Multiple users can Sign In to Chrome, and instantly the browser changes to reflect their setup. However, this doesn’t protect your significant other or nosey roommate from snooping around in your stuff. Signing In to Chrome simply makes convenient the ability to quickly load one’s settings, but it doesn’t protect the workspace from being used by someone else (as anyone can simply click to switch between users). It’s certainly intended to be used in a family setting where multiple people are sharing the computer, not on a public computer in a library.

You’ll likely have the latest Google Chrome update when you either restart or launch your browser this afternoon, and you can manually check for the update by visiting About in the Wrench menu. You can read more about Google Chrome’s latest update on the official Google Chrome Blog.

Latest Chrome Stable Gets Redesigned “New Tab” Page

With the latest stable version of Chrome, released today, Google has set out to improve the design of the “New Tab” page, while providing users with a better way to access their most visited websites and apps at the same time. Those who use Canary, Google’s bleeding-edge version of Chrome for users willing to try the latest features and improvements ahead of their stable release, won’t be surprised by Chrome’s new tab page design: along the bottom, a Chrome logo sits next to two new tabs for most visited pages and your installed apps. These apps can be obtained from the Chrome Web Store, which also got a makeover today. Switching between top sites and apps is easy, and if you don’t feel like clicking on the tabs you can always use the arrow icons at the side to navigate, or perform a two-finger flick on your multitouch trackpad.

Apps can be opened as regular or pinned tabs, launched in full-screen mode, configured through the Options or removed from Chrome. It’s nice to see full-screen mode for apps takes advantage of Lion’s native full-screen, which was also recently introduced in Chrome. Websites’ thumbnails in the first tab can be removed and right-clicked as “normal” browser tabs, whereas app icons can be dragged and rearranged on screen. Furthermore, this new tab page comes with a “Recently Closed” menu for tabs and sites in the bottom right corner, too.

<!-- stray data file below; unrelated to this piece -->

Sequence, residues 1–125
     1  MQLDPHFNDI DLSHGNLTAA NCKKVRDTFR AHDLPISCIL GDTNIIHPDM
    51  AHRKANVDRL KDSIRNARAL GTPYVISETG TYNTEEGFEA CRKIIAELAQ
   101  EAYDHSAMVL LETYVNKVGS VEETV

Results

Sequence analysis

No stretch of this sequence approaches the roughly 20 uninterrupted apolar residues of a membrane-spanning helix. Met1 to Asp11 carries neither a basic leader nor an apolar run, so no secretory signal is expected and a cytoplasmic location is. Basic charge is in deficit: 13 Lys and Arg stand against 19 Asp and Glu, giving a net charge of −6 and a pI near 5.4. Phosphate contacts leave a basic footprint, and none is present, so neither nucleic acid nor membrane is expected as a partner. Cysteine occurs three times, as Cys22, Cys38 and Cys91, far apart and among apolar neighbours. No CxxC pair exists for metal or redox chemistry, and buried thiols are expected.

Google wrote about the new Chrome Web Store:

Apps and extensions are now presented in a wall of images that’s updated every time you visit the store. We hope this will help you quickly scan the store and find interesting things to try out. In addition, apps and extensions are easier to install—just hover over an image on the grid and click “Add to Chrome.”

Getting additional information about an app or an extension is just a click away. When you click on an app, extension or theme, you’ll see a panel featuring screenshots, videos and other relevant information neatly organized into separate tabs. The store also includes a brand new reviews interface that links to the Google+ profile of each reviewer. (To protect your privacy, we made sure to anonymize any reviews that you previously submitted.)

The latest Chrome version can be downloaded through the browser’s software update checker, or from Google’s website. Check out Google’s video detailing the refreshed Web Store and New Tab page after the break.
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Latest Chrome Canary Build Has Fullscreen for Lion Built In

Want native Lion support in Google Chrome? The fast updating browser has an early Canary build out with native Lion support, including native fullscreen mode you’ve always wanted. Sure you can use fullscreen right now in Chrome, but it overtakes your current desktop and doesn’t show up as a fullscreen app in Mission Control. With native integration on its way, we’ve got plenty of screenshots past the break.

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Google Chrome’s Latest Stable Turns Instant Pages on by Default for Faster Googling

If you want faster Internet browsing, be sure to hit the About section in Google Chrome to check for the latest update if Chrome isn’t getting you up to speed automatically: the latest stable version of Google Chrome turns Instant Pages (Google’s take on pre-fetching) on by default so as you type, Google figures out which web pages you want to visit and begins loading the search results up. Yes, your Google searches just got supercharged. The omnibox (that universal address and search bar) has been upgraded with some new tricks as well, including being able to jump back to previous web pages you’ve visited if you begin to type that website’s address. Start typing, hit the down arrow if you want to select something from your history, and immediately the webpage is loaded into view. If Google made the call, they’d argue it was faster than clicking the back button. Video after the break.

[via the Google Chrome Blog]